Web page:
Monday 27 October 2014

Abu Dhabi 3: Sand and sea

Had a free morning yesterday so took advantage of the slightly cooler weather (only 34C/93F) and went to the beach at Saadiyat island. Gorgeous to swim in the clear salty water of the Gulf. Back into the cinema in the evening, with the premiere of Theeb followed by a lavish Jordanian party starring pop star Omar Abdullat, who sang late into the night (he was still going strong when I left). Here are films from Saturday and Sunday...

Theeb, from Jordan, is set around the time of Lawrence of Arabia as an Englishman (Jack Fox) ventures into the Arabian desert to work on a railway that is having a huge economic and cultural impact on the local culture. The story is told through the eyes of the young Theeb (Jacir Eid, above), who tags along on what will become an odyssey into discovering his own nature. It's a remarkable story told with minimal dialog but a clear sense of a boy developing his own ideas about integrity and identity in a world that is drastically shifting around him. It's also beautifully acted by the young Eid and directed with skill and artistry by award-winning filmmaker Naji Abu Nowar. 

Timbuktu, by Abderrahmane Sissako (Waiting for Happiness), is an oddly quirky story about jihad that sits very uneasily in the present news climate. It's about a gang of fundamentalists who ride into Timbuktu (the film was shot in Mauritania) under an IS-like flag and impose their random laws on the feisty residents. These interlopers are depicted as relatively benign, disorganised opportunists who only slowly become more violent in the face of civil disobedience from locals who don't like new rules banning music, footballs and bare hands and feet. The focal plot thread is about a nomadic cattleman who lives peacefully outside town until his actions catch the attention of the new rulers. It's beautifully observed, nicely played and has a sharp sense of the clash of cultures and languages. But portraying oppressive thugs as relatively reasonable goofballs is rather hard to take.

Memories on Stone is a cheeky drama that will be instantly recognisable to anyone who has ever worked on a low budget movie. It's about a group of filmmakers trying to make a drama about the 1988 Anfal genocide in Kurdistan. The key problems hinge from the difficulties in securing a lead actress - from getting her family's permission to making sure her passport is up to date. But there are issues with equipment, extras, weather and a hilarious diva-like pop star who joins the cast. And behind the comedy is the sobering story they're telling about an atrocity that has been covered up and ignored for decades. That the film's low-yet, deadpan tone never shouts its themes is remarkable.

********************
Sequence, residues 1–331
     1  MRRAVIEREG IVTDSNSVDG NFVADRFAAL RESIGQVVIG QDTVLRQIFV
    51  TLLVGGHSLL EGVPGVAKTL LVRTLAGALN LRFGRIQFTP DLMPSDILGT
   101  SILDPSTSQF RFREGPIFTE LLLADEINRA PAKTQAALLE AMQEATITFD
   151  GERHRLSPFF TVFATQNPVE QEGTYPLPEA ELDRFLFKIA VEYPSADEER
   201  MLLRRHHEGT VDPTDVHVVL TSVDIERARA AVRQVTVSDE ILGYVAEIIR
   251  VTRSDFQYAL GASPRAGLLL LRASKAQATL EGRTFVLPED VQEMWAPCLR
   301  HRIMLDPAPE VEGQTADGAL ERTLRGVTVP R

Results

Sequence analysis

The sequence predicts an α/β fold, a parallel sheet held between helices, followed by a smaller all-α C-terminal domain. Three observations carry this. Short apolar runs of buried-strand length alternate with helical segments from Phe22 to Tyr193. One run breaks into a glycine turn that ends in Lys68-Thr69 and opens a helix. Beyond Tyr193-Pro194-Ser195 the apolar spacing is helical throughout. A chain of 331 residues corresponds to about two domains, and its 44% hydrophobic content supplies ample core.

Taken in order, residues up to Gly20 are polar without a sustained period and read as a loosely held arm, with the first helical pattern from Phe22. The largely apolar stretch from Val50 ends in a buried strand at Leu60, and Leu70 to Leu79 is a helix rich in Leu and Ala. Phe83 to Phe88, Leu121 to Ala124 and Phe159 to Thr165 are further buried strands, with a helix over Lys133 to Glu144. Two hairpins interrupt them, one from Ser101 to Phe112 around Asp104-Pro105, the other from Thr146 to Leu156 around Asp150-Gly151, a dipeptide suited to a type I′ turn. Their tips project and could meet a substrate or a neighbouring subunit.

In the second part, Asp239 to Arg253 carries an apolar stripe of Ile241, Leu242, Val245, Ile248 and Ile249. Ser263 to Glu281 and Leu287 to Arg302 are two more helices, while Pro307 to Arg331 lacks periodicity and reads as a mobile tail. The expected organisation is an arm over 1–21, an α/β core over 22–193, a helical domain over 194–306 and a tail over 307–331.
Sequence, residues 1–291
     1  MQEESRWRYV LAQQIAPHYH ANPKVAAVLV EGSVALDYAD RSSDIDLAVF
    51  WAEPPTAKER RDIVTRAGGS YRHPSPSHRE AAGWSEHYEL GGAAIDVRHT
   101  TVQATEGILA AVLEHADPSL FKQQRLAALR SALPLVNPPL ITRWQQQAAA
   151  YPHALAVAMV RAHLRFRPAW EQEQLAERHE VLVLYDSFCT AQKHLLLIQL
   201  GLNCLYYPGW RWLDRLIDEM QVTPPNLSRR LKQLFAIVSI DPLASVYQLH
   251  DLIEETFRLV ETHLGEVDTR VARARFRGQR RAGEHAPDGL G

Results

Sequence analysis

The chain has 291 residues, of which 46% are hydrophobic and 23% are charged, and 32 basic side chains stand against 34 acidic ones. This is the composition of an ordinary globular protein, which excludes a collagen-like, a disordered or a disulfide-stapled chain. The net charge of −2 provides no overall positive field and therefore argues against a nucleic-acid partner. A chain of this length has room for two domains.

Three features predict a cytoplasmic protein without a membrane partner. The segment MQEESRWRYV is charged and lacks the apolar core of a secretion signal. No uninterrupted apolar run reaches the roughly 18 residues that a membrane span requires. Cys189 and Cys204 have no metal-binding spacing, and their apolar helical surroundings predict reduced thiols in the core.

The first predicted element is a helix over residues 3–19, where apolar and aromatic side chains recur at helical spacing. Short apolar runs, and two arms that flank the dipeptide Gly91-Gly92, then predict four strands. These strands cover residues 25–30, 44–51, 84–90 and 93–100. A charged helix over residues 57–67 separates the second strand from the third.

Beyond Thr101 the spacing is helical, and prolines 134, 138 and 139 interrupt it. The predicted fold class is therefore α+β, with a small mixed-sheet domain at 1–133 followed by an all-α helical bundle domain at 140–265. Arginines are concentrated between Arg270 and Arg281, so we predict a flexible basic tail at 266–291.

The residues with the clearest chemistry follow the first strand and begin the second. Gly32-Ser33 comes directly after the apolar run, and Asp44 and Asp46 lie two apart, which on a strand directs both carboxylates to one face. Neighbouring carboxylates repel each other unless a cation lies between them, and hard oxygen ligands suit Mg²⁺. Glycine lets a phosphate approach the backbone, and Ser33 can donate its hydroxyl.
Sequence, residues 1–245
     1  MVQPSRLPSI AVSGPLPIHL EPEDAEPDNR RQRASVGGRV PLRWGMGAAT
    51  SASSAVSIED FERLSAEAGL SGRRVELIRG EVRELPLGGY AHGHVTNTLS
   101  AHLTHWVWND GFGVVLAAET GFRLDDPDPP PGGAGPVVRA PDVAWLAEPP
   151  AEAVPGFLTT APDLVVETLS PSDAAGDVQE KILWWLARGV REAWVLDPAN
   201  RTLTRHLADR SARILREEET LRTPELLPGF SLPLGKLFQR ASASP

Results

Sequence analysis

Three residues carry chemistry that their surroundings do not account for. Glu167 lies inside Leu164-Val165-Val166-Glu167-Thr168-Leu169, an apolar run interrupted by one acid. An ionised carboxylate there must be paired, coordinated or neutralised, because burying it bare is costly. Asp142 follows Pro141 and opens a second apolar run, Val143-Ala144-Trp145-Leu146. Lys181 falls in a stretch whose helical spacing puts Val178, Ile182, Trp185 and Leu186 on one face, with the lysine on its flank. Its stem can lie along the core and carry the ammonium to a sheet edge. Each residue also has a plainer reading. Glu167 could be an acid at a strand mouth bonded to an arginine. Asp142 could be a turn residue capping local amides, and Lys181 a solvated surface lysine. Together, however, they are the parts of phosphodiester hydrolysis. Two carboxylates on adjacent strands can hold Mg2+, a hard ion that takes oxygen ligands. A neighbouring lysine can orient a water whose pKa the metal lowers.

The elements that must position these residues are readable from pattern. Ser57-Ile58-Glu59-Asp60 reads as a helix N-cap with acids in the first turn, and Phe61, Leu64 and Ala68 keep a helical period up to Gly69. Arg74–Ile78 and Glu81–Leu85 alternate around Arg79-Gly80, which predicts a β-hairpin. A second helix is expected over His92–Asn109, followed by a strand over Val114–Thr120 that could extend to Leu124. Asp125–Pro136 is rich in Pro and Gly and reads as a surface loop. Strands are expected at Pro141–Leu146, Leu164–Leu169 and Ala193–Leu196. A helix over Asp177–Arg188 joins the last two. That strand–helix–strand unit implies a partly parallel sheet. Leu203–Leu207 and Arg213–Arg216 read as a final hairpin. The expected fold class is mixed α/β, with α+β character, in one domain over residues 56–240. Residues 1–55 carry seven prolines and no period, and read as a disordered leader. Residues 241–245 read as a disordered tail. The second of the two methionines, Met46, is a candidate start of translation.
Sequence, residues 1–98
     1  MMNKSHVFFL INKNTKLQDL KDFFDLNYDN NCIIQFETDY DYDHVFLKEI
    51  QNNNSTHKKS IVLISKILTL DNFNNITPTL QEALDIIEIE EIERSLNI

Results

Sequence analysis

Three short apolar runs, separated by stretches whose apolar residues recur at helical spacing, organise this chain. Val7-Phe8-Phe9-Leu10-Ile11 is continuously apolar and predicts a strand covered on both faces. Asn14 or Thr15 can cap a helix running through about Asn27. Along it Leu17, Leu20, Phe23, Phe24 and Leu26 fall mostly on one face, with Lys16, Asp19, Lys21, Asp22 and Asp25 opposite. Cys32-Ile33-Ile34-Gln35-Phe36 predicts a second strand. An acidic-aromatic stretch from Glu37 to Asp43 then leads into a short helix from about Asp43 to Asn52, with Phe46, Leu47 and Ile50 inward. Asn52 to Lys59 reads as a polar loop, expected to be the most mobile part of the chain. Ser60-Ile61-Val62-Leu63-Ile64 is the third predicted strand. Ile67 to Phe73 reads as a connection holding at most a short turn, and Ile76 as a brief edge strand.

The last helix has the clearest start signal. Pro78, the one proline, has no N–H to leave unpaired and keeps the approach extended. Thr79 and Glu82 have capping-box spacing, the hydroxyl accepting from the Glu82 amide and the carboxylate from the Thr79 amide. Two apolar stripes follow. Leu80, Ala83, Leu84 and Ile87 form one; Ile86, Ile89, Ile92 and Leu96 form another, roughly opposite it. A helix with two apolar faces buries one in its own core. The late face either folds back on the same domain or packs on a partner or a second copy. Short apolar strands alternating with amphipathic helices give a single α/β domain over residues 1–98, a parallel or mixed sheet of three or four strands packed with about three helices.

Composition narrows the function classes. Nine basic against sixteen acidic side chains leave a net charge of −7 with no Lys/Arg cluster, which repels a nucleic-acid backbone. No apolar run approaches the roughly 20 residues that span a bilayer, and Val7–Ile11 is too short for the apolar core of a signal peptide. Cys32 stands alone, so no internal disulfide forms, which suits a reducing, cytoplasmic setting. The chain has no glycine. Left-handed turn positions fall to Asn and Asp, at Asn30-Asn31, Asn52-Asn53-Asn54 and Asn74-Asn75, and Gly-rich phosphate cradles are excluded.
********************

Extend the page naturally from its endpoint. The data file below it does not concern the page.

A Second Chance is Susanne Bier's return to Denmark (after the part-Danish Love is All You Need and the Czech-American Serena, both also this year) along with Game of Thrones star Nikolaj Coster-Waldau and Bier regular Ulrich Thomsen. It's reminiscent of Brothers with its high-concept premise and morally compromised characters, as well as some plot contrivances and a bit of intense melodrama. But it's extremely well shot and edited, with sharply emotional performances and a proper sense of dread as the story wrenches itself through bigger issues and darker emotions than expected. In the end it's haunting and provocative.

A Pigeon Sat on a Branch Reflecting on Existence is the Swedish winner of the best film award at Venice. It's a surreal collection of vignettes exploring the bizarre ways people deal with thoughts of imperfection and mortality. Filmmaker Roy Andersson mixes constant silliness and absurdity with deeply thoughtful undercurrents as he follows a series of fairly ridiculous characters around a slightly fantastical colour-drained old European city. The most recurrent characters are two depressed door-to-door salesmen trying to flog novelty joke items to help put a bit of fun in their lives. That they have no fun at all in theirs is the point. Yes, it's irony-intensive and perhaps a bit too quirky for audiences who don't enjoy arthouse fare, but it's also unforgettable. 

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